As you might have guessed, I’m not much of an athlete. But I’m definitely inspired by the men and women who’ve trained most of their lives to represent their nations and showcase their talents at the Olympic Games. I would never compare myself to Olympic superstars such as Michael Phelps or Apolo Ohno, but I do believe that whether you’re a serious athlete or a serious musician or composer, many of the same tenets apply.
In no particular order of importance, I’ve found that:
• Having a cheering squad is highly desirable. Early in life, I knew I wanted a career in music after my godmother took me to a series of Broadway shows and dinner-theater performances. My parents, like many responsible adults, were not necessarily convinced that this was a good idea. I think they feared that I’d end up as the stereotypical “starving artist.” Yet in my mind, I knew that I was destined to entertain people.
There were times that their prediction seemed to be accurate, but I was stubborn or crazy enough to keep doing what I wanted to do. And while they may have been thinking, “I told you so,” I am grateful that they took me to music lessons when I was a kid. And later, as a young adult, I was always welcome at the family home on the rare occasions when I wasn’t on the road with some band or another. Oh, I’m sure they were thinking, “Please get a haircut!” but that was probably the least of their worries.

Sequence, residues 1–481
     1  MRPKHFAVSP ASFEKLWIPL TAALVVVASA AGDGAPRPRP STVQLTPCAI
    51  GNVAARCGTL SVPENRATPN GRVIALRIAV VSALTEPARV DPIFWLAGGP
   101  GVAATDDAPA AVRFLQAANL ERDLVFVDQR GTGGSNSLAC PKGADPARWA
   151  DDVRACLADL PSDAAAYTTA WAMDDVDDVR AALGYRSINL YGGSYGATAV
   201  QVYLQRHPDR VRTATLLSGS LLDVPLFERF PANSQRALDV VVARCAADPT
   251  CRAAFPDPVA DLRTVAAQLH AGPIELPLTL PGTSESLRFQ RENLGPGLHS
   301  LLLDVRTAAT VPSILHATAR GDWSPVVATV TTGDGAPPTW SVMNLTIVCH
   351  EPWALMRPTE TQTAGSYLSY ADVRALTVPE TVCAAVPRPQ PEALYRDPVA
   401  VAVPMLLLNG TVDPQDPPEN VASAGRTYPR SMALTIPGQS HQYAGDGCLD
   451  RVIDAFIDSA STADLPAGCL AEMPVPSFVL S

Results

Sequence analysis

• Strive for your personal best, first and foremost. Athletic events, especially the Olympics, are extremely competitive. So is being a professional musician or composer on the world stage. You’ll likely be thunderstruck by this realization the first time you venture outside of your own school or community and figure out how many other people are smarter, stronger, faster or hotter than you.
You could use this bolt of realization one of two ways. You could just give up or you could tell yourself that right now, your goal is to strive for your personal best. Before you can deal with the competition, take the time to work on your own skills and presentation. The rest will follow.
• Take yourself seriously, but not too seriously. Learn to laugh at your mistakes as much as learning from them. For some reason, I recently recalled an embarrassing incident where the band Lois Lane was opening for Pablo Cruise at a rodeo stadium in Wyoming. My equipment was being powered by generators and my keyboards kept going out of tune every time a song started. Our guitarist, John Verner, kept coming over to help me tune up between songs and as soon as the lights went up again, my keyboards would go haywire again. Despite an audience of over 10,000 giving us thunderous applause after every song, I felt like hiding in a corner. After the show, my band mates made me feel better by telling me that the show sounded like a surreal punk band with high tech keyboards. Lesson learned? Generators and keyboards don’t mix. Make sure you fix the problem. Then have a laugh.
On another note, my daughter, Desiree, performed at the 2008 Beijing Summer Olympics with the “2008 Beijing Olympic Orchestra,” which was a 2008-member ensemble made up of university and high school students from around the world. Watching her on TV during this stunning international event really renewed my passion to excel, as well as my belief in the importance of music education.
Strive to be the best in the world and never give up on your dreams. I can’t wait for the spectacle of the opening ceremonies for the London 2012 Summer Olympics!